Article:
It turns out that people are really good at coming up with questions that have never been asked or answered before. So Ask.com decided to shift strategies again. “Toward the end of 2009 and through 2010, we built a platform not just for searching documents, but for searching people—to give them a chance to answer the questions,” says Leeds.
Today, when you arrive at the Ask.com website or fire up the Ask.com iPhone or Android apps, you see a big search box where you can type in your question. If the service can find a definitive answer somewhere in the database of 700 million question-answer pairs it has culled from the Web, it will simply show you the answer. (Question: Is a Granny Smith apple more tart than a Red Delicious? Answer: Yes.) If it can’t, it will show you a list of related Web results. And if those results don’t answer your question, you can click on the “Q&A Community” tab, where you can submit the same question for review by other Ask.com users.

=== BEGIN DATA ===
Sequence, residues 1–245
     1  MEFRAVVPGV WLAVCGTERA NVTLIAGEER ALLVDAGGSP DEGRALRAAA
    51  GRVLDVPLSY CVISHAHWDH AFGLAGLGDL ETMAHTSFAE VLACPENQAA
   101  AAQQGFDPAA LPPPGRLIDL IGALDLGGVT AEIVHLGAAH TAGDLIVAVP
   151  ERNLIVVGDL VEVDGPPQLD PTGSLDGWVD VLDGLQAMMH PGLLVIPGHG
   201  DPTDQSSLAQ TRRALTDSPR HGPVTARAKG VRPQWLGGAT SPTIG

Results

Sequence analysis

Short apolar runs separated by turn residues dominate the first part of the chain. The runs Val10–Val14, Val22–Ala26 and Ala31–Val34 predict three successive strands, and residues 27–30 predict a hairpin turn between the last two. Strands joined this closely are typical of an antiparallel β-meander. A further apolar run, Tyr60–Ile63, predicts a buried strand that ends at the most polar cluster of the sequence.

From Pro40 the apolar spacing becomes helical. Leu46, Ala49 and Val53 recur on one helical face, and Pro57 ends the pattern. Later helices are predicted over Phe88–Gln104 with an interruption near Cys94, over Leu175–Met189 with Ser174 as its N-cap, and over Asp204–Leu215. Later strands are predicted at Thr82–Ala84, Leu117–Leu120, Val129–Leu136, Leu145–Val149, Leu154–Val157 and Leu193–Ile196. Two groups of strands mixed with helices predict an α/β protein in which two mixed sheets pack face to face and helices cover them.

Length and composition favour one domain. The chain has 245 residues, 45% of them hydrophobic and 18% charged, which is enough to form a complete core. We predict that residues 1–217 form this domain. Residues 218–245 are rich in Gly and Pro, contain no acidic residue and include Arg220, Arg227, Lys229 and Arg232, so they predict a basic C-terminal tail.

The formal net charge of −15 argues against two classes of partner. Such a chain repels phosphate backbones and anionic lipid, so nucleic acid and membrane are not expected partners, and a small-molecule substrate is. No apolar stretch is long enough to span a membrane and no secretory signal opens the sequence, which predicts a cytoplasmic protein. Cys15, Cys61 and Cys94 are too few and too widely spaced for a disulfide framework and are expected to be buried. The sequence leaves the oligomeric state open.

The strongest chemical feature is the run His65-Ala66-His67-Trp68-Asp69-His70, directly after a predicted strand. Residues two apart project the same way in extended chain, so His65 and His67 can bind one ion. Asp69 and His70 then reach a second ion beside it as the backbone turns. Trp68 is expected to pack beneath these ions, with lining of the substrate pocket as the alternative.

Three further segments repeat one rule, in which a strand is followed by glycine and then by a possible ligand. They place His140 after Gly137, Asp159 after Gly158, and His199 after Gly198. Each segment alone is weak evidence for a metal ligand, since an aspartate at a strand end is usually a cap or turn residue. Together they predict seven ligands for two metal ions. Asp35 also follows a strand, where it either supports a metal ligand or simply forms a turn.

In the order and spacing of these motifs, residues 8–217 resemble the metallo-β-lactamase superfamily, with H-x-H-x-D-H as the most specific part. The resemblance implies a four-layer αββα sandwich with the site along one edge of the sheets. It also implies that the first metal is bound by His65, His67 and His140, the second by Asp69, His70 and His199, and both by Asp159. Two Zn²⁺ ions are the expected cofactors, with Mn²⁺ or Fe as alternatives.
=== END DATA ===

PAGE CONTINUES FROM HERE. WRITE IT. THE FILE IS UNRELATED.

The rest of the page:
There’s no guarantee anyone will answer your question, but in my limited experiments, I’ve always received at least one answer within an hour. “The biggest challenge for us is how to integrate these two services,” Leeds says—meaning the Web answers that arrive in milliseconds and the human answers that might take minutes or hours. But the social media revolution, where tweets and status updates and text messages rule, is working in the company’s favor, he says. “Users are becoming more and more accustomed to publishing in short spurts—just an answer rather than a whole page.”